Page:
And then, “fast” is not a requirement for software. “fast enough” is. As long as the software is fast enough, it does not matter if another technology could have made it faster. Especially if the “slower” technology allows for faster development, faster maintainance, faster enhancement.

    • Sentient says:

      I was just trying to indiciate that there’s a huge performance gap between compiled-to-machine code (C++), compiled to bytecode(any .NET language) and an interpreted language(JS).

      Furthermore C++ is an elaborate language, so creating a C++ to JS compiler will be an enormous task. If the only benefit is playing DOS games in a browser then I’ll doubt it will happen.

      True about fast enough and ease of development. On the other hand Dragon Age compiled to JS will not be “fast-enough”.

  8. Daniel Klein says:

    I’ve always been bugged a little by the interface of FreeCiv; clearly they really don’t care about that aspect. I’m not talking shininess or anything, I’m just talking simple usability. This is worse than the full FreeCiv thing. Selecting units is really annoying and painful, there is no list of shortcuts available, etc. I really hope someone will sink some work into that aspect. Or actually, I’m hoping they don’t, because if they do, this will eat megaseconds of my time. Hundreds of megaseconds.

    • Hodge says:

      Wot Daniel said.

      It’s a common thing with open source stuff – crummy user interfaces near-ruining otherwise fine pieces of software. FreeCiv is wonderful, it really is, but the GUI is like some overly zealous nightclub bouncer, scaring away all the potential punters.

      (see also: the GIMP)

    • Smeghammer says:


      Gimp is open source, so things like can exist.

    • Kakksakkamaddafakka says:

      I don’t get what people have against the GUI in GIMP. It’s like every other photo program out there. Slightly different from the others.

  9. James G says:

    I’m surprised that there appears to be any concerted effort to get the game working with the current version of Opera, as come version 10.5 (the next major release) it’ll have an entirely new javascript engine. Seems the time would be better spent ensuring things work on that. Of course, depending on the nature of the bug (either in freeciv or Opera) it may not be time wasted.

    Tempted to give it a try in the 10.5 alpha, but don’t have it installed yet.

    • Tei says:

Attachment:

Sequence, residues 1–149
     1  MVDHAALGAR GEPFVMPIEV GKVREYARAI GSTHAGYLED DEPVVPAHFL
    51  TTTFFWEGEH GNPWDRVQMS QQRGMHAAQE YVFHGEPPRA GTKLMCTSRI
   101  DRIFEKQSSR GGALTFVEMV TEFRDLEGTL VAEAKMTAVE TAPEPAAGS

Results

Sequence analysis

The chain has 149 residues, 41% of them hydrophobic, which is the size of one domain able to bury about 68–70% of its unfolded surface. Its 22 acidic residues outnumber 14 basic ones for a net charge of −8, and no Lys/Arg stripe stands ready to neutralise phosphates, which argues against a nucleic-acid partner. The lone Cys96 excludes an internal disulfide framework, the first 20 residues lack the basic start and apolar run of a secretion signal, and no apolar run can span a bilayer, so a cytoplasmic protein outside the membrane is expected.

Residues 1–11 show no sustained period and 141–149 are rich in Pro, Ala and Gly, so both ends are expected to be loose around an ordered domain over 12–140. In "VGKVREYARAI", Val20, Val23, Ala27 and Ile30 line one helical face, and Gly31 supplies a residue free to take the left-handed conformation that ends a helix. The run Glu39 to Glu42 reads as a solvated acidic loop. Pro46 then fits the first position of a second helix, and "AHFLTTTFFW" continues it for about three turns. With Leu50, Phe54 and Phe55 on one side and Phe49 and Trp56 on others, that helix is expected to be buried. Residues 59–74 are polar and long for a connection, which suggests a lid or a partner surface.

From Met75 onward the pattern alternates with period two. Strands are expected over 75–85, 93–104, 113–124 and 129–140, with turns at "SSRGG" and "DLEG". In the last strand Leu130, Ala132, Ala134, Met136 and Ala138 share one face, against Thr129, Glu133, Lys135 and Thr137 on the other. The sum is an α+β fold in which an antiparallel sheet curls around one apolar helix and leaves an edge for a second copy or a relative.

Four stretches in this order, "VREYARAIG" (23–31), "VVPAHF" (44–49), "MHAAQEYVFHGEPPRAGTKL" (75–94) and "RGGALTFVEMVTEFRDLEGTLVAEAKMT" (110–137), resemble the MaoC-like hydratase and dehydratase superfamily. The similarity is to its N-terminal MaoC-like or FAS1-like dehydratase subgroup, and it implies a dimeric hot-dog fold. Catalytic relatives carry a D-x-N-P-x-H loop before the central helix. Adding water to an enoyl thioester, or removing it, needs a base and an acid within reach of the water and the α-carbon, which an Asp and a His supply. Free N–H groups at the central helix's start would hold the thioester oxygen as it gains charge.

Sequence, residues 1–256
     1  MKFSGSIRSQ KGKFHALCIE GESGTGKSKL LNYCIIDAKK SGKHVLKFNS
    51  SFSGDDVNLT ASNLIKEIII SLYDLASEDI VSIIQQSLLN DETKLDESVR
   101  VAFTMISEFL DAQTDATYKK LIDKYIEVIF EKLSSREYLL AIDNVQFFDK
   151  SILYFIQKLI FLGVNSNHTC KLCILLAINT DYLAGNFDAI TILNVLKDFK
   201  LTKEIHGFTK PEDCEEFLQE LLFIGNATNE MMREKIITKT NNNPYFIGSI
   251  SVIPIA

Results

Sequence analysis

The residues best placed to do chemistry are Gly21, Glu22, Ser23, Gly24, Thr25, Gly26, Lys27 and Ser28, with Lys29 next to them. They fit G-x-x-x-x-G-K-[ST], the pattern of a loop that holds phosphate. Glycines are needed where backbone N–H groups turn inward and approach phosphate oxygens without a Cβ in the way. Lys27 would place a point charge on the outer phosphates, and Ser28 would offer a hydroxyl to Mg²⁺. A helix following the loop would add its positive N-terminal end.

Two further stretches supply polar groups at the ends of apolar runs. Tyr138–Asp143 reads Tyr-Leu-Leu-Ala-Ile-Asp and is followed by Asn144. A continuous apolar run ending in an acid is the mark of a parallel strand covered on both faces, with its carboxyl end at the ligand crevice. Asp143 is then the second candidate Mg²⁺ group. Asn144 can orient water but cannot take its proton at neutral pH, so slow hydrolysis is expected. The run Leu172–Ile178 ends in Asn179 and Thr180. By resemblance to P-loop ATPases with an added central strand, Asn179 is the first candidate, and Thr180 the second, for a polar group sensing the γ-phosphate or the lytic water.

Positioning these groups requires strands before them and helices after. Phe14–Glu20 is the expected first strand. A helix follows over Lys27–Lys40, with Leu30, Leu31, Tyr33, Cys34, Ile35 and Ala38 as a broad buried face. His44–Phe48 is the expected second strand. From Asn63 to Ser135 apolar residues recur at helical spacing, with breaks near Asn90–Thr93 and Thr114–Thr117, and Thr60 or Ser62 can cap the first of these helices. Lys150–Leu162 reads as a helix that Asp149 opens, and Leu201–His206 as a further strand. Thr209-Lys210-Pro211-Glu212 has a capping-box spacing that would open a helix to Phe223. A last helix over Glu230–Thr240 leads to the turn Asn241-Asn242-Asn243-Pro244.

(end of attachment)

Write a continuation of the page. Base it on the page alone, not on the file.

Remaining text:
James G:

      A problem with browsers is that once a browser is out, is out forever. Is the webpage renders poorly on version X, is your work to patch your page and live with it.
      Everyone is migrating to something like jQuery, that helps hide these browser details, so the uglyness is on the library, not on your game. But the proper way to create a webpage is making javascript optional. So you can’t rely on jQuery for most problems.

  10. TenjouUtena says:

    But the proper way to create a webpage is making javascript optional.

    How do you expect interactive websites to work then? HTML 5 doesn’t have any interactivity built into it, so you need some other script engine to interact with the website. (Unless you want the entire thing to work on the submit-render moved, which does WORK, but in practice is far too slow and clunky for mos tpeople, when JS provides a much cleaner interface.)

    Javascript is abused, both in undesired effects AND in poorly written scripts, but I don’t think anything like freeciv or anythign gamish or applicationish could be accomplished without it.

  11. FernandoDANTE says:

    I keep clicking “Play Now” and nothing happens. Crap.

  12. FernandoDANTE says:

    I’m using Chrome and it simply doesn’t work. It won’t start, at all. All I get is the stupid home screen.

    • Unaco says:

      I’m using Chrome, went through making an account, and starting up a game. Seemed to work fine for me. Using Chrome v3.0.195.38. Just noticed there’s an update available… what version are you running?

    • FernandoDANTE says:

      Nope. Everywhere I click, be it the “connect with Facebook” or the “SIGN UP NOW!” links, it all goes back to the home page. Broken piece of garbage.

  13. Unaco says:

    Curse you!! I have a PhD to be doing, that involves sitting infront of a computer for the best part of the day… these sort of things are no help to my attempts to be a healthy, productive, dedicated research student.

    Seriously… I tried out FreeCiv a few years ago. Really had the feel of Civ2, which every one should play (along with Alpha Centauri. For me it was the pinnacle of Civ style gameplay). I’ll probably give this a look, either when I have free time, or I can use the XKCD “Compiling!” excuse, when I’m running my simulations on the Cluster down the hall.

  14. brkl says:

    I use Opera :(

  15. Carra says:

    Everyone knows that Firefox is best!

  16. Jeremy says:

    I can play the game, but it looks nothing like the screenshot on the homepage. I’m missing a lot of info icons, can’t see if/where citizens are working on the city screen, and I can’t interact with other nations. Hmm. Or is it just suppsed to be like that and they haven’t implemented anything yet? Using firefox.

  17. LionsPhil says:

    Oh good, a flood of uninformed blather about how browsers are going to render operating systems obsolete.

    Why, with IE8 and Chrome finally using OS process separation to isolate each tab, and modern JavaScript/HTML having some kind of shitty storage API, it’s almost as if we were really, really badly reinventing EXACTLY THE SAME THING. Only now instead of files, you get little packets of JSON hiding in your browser profile. Or on somebody else’s server. Oh, glorious day.

    Oh, and don’t ever press Alt-Left, because that’ll instantly quit your “web application”. Oopsie!

    • LionsPhil says:

      Also, anyone not mortally offended by the “powerful” system requirements for a game which has the technical complexity of a title it’s cloning that would run on a 200MHz Pentium? You make the Heavy cry. That’s right, your apathy toward this gross inefficiency just strikes the big guy right in the core of his being. He weeps for your squandered battery life as a high-end CPU screams flat-out to blit some 2D graphics to the framebuffer via so many crappy abstraction layers that when the Engineer tried to diagram them all out he accidentally created a critical mass of UML that collapsed in on itself and swallowed the entire red base into a black hole.

    • Devenger says:

      Can’t comment on the validity of your point, but I’m loving the style of analogy employed here.

  18. Leperous says:

    I want browser Sim City 2000 tbh.